1. Miracles are commonly treated by divines as acts by which God asserts the supremacy of His will over nature, which is represented as if it were a cunningly devised machine, thrown out of gear now and then by the maker to show that he is its master (Mozley, 164, 359, note). I venture to say that this notion is neither supported by the Scriptures nor warranted by reason. It is not supported by the Scriptures, for they represent all natural phenomena as immediate acts of the divine will, sym- bolized by that action of speech in which the human will seems to express itself immediately. " He spake, and it was made. He commanded, and it stood fast." That God is almighty is no doubt the teaching of the Bible. But this almightiness is not a power dif- ferent from that shown in nature. It is the very power shown in those natural works in which Psalm civ. says that Jehovah rejoices, and to which, not to any interruption of their natural order, the sublime conclusion of the book of Job appeals as the foundation for man's trust in God. That the Divine Will regulates the minutest events is Christ's teaching, but the extent to which He carries this doctrine shows that He identified this will with what we now call natural laws. Can it be contended that there is a will of God besides that expressed in the pull of the earth and the resistance of the air, which determines the fall of a hair ; or a will settling when a sparrow shall die, besides that manifested by what we call the laws of life ? What the Bible calls the " word of God," and what we call the " laws of nature," are the same thing Under different names. What the writers of the Bible call " signs and wonders" are to them only unusual natural phenomena, like the coming of a great comet. All nature was to them simply a series of wonders, in which they recognized indeed the goodness of Jehovah, who had ordained that "seed-time and harvest, and cold and heat, and summer and winter should not fail so long as the earth abideth," and who " feedeth the young lions that call upon him," and marvelled at His power in setting the feeble "sand as a boundary to the sea by a perpetual decree ;" but as they had no idea of that constitution of things discovered by European research, in virtue of which natural bodies stand in certain fixed relations to each other, called by us their " laws," because from them the phenomena arising out of this constitution may be predicted, they had no ground whatever for supposing that any natural pheno- mena, however extraordinary, indicated a kind of power different to that which produced the ordinary phenomena. Is there any intimation in the Bible that they did entertain such a supposition ? I know of none.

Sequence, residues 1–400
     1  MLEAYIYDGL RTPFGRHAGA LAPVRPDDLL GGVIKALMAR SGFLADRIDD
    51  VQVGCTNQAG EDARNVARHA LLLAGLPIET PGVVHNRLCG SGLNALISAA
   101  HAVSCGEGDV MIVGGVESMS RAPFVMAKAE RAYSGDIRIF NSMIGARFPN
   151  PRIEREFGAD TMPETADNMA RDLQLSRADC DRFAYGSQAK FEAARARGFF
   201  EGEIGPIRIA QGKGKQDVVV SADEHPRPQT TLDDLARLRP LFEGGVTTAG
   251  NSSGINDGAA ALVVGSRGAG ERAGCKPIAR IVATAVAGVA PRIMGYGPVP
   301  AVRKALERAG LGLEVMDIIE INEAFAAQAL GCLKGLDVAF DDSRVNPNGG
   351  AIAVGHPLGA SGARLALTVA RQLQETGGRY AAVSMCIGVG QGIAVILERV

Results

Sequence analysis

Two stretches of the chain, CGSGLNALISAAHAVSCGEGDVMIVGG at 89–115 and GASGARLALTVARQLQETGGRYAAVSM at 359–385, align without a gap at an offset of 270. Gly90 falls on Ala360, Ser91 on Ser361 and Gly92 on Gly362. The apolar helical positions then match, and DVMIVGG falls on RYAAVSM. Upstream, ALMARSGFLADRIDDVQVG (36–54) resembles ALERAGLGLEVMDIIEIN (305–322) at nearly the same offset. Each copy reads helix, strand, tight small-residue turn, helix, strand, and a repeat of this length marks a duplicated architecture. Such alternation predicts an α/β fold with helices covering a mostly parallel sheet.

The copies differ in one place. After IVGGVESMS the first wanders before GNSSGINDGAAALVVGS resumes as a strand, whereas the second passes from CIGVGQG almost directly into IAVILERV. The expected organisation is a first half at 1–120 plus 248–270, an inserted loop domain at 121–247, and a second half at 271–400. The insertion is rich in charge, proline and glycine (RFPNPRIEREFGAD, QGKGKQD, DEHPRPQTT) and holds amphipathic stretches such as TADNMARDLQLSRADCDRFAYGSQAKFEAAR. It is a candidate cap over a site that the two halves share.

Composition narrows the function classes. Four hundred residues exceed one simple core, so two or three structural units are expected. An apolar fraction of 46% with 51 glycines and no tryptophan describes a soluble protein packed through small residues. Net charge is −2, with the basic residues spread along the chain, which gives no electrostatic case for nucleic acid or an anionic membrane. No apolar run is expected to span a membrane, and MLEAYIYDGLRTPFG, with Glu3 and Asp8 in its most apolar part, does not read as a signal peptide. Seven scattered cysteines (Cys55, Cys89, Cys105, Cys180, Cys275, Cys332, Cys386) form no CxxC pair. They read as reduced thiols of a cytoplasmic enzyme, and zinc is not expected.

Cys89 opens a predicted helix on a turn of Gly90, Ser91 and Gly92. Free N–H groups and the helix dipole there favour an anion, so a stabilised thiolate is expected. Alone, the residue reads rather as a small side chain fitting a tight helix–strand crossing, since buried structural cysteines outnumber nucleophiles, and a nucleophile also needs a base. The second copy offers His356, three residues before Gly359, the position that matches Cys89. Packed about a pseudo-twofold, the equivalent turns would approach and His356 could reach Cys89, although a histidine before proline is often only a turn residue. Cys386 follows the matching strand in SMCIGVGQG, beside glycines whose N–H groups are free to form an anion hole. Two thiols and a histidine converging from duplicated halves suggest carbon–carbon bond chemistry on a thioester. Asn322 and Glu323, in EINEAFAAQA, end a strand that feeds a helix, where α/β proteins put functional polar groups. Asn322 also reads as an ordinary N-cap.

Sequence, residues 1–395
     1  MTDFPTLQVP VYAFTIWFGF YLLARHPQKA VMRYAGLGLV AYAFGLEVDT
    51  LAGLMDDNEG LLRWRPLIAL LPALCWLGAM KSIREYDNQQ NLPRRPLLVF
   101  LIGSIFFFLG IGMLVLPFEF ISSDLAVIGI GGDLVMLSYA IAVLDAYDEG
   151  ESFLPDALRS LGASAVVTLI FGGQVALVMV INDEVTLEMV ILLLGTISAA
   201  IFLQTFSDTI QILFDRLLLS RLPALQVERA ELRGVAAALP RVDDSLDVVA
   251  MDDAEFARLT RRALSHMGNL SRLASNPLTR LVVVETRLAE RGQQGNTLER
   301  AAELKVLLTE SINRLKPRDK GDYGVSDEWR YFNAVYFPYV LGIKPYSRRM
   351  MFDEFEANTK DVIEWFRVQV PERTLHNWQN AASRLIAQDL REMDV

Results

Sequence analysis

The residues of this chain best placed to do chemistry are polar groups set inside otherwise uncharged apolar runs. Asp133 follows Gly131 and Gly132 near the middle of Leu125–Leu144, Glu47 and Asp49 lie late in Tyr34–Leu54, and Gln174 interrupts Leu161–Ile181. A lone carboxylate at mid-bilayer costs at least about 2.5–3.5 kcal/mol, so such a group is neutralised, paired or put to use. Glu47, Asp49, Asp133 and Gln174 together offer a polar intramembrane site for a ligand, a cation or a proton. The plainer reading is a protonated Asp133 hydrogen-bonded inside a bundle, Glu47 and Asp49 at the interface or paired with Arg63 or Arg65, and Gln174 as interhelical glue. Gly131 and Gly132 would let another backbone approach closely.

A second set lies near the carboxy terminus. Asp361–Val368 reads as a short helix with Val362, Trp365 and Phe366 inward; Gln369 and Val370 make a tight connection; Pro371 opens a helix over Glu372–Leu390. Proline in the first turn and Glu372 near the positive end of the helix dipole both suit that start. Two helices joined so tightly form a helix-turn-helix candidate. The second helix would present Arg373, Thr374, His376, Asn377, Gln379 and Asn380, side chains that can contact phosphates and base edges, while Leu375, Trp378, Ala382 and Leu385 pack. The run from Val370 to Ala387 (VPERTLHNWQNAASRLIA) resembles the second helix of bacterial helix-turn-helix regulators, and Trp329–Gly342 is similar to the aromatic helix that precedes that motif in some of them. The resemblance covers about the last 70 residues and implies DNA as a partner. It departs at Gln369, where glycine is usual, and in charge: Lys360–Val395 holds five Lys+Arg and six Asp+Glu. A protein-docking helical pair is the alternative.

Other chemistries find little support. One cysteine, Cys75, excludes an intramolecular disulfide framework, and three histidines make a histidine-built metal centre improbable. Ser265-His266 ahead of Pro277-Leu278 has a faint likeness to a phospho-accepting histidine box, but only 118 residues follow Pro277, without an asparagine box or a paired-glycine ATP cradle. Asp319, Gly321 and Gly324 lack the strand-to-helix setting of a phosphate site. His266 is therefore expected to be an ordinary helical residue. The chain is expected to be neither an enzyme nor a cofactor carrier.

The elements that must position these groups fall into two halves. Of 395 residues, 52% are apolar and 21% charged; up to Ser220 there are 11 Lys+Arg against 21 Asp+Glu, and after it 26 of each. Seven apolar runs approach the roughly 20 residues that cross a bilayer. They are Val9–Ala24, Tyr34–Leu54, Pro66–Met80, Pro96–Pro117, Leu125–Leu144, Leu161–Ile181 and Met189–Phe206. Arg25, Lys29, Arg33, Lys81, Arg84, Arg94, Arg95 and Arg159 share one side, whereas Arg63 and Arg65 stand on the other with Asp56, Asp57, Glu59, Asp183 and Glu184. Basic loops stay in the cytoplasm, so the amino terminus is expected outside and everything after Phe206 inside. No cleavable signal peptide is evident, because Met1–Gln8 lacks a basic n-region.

Thus the modern notion of miracle as a suspension of natural order has no foundation in the Scriptures, which never hint that any act is contrary to this order. Has it any warranty in reason, from what we know of the principle of will? I conceive not. If we ask what this suspension of natural law really signifies, we shall find that it is equivalent to acts done without means. A body weighing a pound on the earth would weigh twenty-nine pounds if taken to the sun, but no one would call this increase of weight miraculous. To make such an increase miraculous, it must be produced without any appropriate means, by what is called an act of will. But in such an action will is confused with wish or imagination. I can wish that one pound may become twenty, but the wish by itself will have no effect. Again, I can imagine such a change to take place, that is, I can by an act of my will put together words expressing this notion, but I cannot produce the change by such a combination. In truth, in these actions I employ one-half only of the faculty of will,—that which determines the ends or objects to be effected. But there is another half not less important, namely, the selection of the means suitable for executing theae ends. The principle of will as I find it in my own conscious- ness includes both these factors, and since it is only from my Own consciousness that I know anything at all about will, I have no right to call the power of acting without means an exercise of will, even supposing Such a power to be possible. Thus I am not justi- fied by anything which I know about will in supposing that the will of God can act without means, nor am I led to such a sup- position by anything which I find in nature. Nature, so far as she has been studied, is a storehouse of a few indefinitely multiplied means, namely, the elements of chymistry, whereby are produced a ceaseless variety of ends. So that if, as the Bible declares, nature arises from the will of God, that will resembles the principle of will in man, in always working out its ends by suitable ends, and therefore cannot work miracles. In truth, the modern notion of miracle, like the kindred notion of Providence, which converts it into a special divine action mani- fested in such desirable events as cannot be foreseen, drives God out of nature, while the Scriptural notion, which sees God's providence in every natural act, like the Scriptural notion of " signs and wonders," which sees in them only unusual natural phenomena, brings God close to man in nature, where religious trust seeks for Him. Modern divines no doubt intend to uphold our faith in the personality of God by these notions of miracle and providence, but they really cut up the root of this faith by ascrib- ing to God a power different in kind from that power of will known to us, on which our consciousness of personality depends.